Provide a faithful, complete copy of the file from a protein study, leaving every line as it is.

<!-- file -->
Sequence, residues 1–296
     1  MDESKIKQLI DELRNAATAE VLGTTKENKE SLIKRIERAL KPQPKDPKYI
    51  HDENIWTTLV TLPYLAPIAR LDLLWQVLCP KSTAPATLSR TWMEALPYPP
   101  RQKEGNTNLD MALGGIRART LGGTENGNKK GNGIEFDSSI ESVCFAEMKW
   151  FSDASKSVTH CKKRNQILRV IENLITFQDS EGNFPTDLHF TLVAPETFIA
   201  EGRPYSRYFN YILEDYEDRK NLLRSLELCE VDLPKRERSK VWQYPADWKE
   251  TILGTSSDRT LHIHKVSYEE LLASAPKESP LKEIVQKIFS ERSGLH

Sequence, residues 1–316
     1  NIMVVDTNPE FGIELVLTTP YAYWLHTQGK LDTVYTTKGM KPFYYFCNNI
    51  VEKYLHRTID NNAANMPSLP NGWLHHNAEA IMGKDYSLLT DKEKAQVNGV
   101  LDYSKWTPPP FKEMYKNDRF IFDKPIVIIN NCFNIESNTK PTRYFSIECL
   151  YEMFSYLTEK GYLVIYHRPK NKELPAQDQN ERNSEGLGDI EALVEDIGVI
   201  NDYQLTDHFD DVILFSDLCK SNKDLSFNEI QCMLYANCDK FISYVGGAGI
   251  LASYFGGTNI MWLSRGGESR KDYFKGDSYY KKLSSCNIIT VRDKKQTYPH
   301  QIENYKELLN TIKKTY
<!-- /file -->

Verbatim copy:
Sequence, residues 1–296
     1  MDESKIKQLI DELRNAATAE VLGTTKENKE SLIKRIERAL KPQPKDPKYI
    51  HDENIWTTLV TLPYLAPIAR LDLLWQVLCP KSTAPATLSR TWMEALPYPP
   101  RQKEGNTNLD MALGGIRART LGGTENGNKK GNGIEFDSSI ESVCFAEMKW
   151  FSDASKSVTH CKKRNQILRV IENLITFQDS EGNFPTDLHF TLVAPETFIA
   201  EGRPYSRYFN YILEDYEDRK NLLRSLELCE VDLPKRERSK VWQYPADWKE
   251  TILGTSSDRT LHIHKVSYEE LLASAPKESP LKEIVQKIFS ERSGLH

Sequence, residues 1–316
     1  NIMVVDTNPE FGIELVLTTP YAYWLHTQGK LDTVYTTKGM KPFYYFCNNI
    51  VEKYLHRTID NNAANMPSLP NGWLHHNAEA IMGKDYSLLT DKEKAQVNGV
   101  LDYSKWTPPP FKEMYKNDRF IFDKPIVIIN NCFNIESNTK PTRYFSIECL
   151  YEMFSYLTEK GYLVIYHRPK NKELPAQDQN ERNSEGLGDI EALVEDIGVI
   201  NDYQLTDHFD DVILFSDLCK SNKDLSFNEI QCMLYANCDK FISYVGGAGI
   251  LASYFGGTNI MWLSRGGESR KDYFKGDSYY KKLSSCNIIT VRDKKQTYPH
   301  QIENYKELLN TIKKTY